Elsie, Don's been giving me (and many others) roughly this same advice since I've known him. I know its meaningful because he's done some of the best street photography I've seen, but I have to admit I don't know quite what he's talking about. My loss.
My limited advice, for whatever little its worth, is that getting close is really important, as others have said. Try whatever different techniques seem to make sense but you have to get comfortable enough with the technical parts of the shooting process that you don't have to think about them when you're doing it - you just do it. This takes time - I've tried a number of things in the past couple of years I've been doing this street photography thing. Now it feels very natural, but I'm not sure exactly when it became second nature - it was a gradual process. But its really tough to nail the moment when you're thinking about your camera.
Once you get comfortable with HOW you can shoot and get close, the main thing, as Don has also said innumerable times, is to live for the MOMENT - watch it develop, anticipate it, get in position for it to the extent you can. Its a real dance, its improvisational. Most of us miss waaay more than we really hit. But if you keep dancing, you'll hit plenty.
The main thing is to have fun. Even in my earliest days street shooting, when I didn't have the smallest CLUE about what I was doing, there was something about the process that I just loved. That's what kept me coming back and allowed me to get better. If you're having fun, just stay with it and it'll come to you. I've only been doing it a couple of years - I'm competent but hope I continue to improve and expect if I keep shooting and loving it, I probably will. Don's been doing this for many many years (I'm not sure exactly how many, but I've seen some of his old film work and its really startlingly good). Bottom line is it takes time and committment. The rest should take care of itself. And none of our advice will matter near as much as what you discover for yourself about what works for you...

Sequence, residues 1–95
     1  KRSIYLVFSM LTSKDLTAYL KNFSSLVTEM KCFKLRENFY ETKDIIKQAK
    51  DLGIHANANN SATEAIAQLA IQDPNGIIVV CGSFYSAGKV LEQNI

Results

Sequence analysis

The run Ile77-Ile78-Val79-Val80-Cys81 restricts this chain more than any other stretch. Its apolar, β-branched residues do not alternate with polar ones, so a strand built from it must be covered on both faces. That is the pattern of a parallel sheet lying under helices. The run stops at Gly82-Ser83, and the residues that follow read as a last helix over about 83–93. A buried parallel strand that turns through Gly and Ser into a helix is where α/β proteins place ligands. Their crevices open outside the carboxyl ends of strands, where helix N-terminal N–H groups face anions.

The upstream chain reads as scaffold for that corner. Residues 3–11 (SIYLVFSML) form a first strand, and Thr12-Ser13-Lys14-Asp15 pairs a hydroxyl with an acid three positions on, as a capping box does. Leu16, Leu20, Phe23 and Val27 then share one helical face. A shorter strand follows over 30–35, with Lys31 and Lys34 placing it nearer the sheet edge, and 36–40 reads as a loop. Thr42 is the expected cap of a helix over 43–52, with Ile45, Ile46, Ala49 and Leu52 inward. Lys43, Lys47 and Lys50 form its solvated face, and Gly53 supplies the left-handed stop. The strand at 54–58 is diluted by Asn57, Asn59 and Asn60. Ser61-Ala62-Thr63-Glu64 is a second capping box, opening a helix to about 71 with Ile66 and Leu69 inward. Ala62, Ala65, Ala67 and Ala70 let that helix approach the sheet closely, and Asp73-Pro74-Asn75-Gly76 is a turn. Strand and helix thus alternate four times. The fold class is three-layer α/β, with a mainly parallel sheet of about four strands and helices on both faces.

My personal take is that I find there are two different types of street photography: close-up, as well as a broader, more environmental style. I think the images you posted sit somewhere in the middle of the two extremes, edging closer towards environmental. I don't get too hung up on which is better. Each style is legitimate and has it's merits.
Close-up is more about capturing emotion or personality and composition tends to be more reactionary and based on the subject's position. Environmental is about adding context, and composition is mostly based on the surroundings. With more time involved to work with, concepts such as the use of light and shade, natural framing, perspective, symmetry (or assymmetry), or use of landmarks are the cornerstone of a good environmental street image.
To give some visual examples:
I fully agree with Nic about environmental and up close / personal / intimate shooting. Except that I pretty much always find the personal / intimate shots much more challenging. I find the close up more challenging because it's all about the subject and the moment and the anticipating. The composition is secondary to the story and the emotion. The environmental seems easier because you find an interesting scene/composition, plant yourself there, and wait for something to happen. And something happening is often not much more than people walking through the scene. It's rare that you really connect with the person or people in those - they're almost props to give the shot a bit of life. Ideally you get a great personal moment and a great composition, but those shots are very rare and, in my case at least, as much about luck as anything. And they pretty much happen when I'm after a close, intimate shot, and luck into an interesting composition. I don't recall ever going for an environmental shot and also getting a really intimate or personal shot.
Here are a couple more examples.
Of the personal/close up:
<a href="http://www.flickr.com/photos/20889767@N05/6951335612/" title="NYC 4/20/12 by ramboorider1, on Flickr">
"1024" height="768" alt="NYC 4/20/12"></a>
<a href="http://www.flickr.com/photos/20889767@N05/6976415342/" title="NYC 4/27/12 by ramboorider1, on Flickr">
"800" height="800" alt="NYC 4/27/12"></a>
This shot is also close, but not personal or intimate - she's there, but the composition is what this one is about....
<a href="http://www.flickr.com/photos/20889767@N05/6890862596/" title="NYC 4/1/12 by ramboorider1, on Flickr">
"1024" height="768" alt="NYC 4/1/12"></a>
<a href="http://www.flickr.com/photos/20889767@N05/5576916472/" title="DSC01702 by ramboorider1, on Flickr">
"1024" height="681" alt="DSC01702"></a>
Thanks Ray, I think I'll work on that so that my street photography can improve, all the advice and encouragement is a great help and it is lots of fun for sure